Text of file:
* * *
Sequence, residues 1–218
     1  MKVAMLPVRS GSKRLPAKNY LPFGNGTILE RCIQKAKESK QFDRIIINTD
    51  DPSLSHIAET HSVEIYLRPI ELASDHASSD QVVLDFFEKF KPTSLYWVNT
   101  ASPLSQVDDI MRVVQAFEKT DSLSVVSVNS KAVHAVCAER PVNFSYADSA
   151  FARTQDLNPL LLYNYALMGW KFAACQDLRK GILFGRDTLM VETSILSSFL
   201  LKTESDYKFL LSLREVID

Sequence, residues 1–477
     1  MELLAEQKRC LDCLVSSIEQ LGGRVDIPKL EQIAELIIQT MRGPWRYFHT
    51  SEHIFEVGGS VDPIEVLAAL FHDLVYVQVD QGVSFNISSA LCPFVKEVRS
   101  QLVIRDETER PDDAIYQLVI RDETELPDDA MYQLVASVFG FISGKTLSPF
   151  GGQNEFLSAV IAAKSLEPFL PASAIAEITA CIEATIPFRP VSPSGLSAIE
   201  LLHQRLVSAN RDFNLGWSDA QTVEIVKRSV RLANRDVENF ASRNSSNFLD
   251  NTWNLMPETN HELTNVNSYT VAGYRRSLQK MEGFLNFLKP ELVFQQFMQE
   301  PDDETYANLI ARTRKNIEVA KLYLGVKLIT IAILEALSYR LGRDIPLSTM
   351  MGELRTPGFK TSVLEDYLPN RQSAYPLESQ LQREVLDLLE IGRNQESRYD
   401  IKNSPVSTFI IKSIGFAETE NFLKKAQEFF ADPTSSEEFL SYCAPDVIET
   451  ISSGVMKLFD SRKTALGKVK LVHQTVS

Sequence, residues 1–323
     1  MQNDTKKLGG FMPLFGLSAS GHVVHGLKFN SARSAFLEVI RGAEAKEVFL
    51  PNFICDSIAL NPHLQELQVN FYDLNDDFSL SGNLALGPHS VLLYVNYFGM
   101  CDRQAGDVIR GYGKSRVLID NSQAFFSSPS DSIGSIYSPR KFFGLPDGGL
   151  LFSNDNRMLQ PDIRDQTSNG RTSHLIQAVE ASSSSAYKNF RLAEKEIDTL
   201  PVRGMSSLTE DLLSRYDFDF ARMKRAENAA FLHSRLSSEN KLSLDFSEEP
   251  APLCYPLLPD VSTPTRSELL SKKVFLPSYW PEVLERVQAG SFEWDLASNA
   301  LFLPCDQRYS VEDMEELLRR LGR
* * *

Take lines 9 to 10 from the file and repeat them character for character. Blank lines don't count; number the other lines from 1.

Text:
    51  SEHIFEVGGS VDPIEVLAAL FHDLVYVQVD QGVSFNISSA LCPFVKEVRS
   101  QLVIRDETER PDDAIYQLVI RDETELPDDA MYQLVASVFG FISGKTLSPF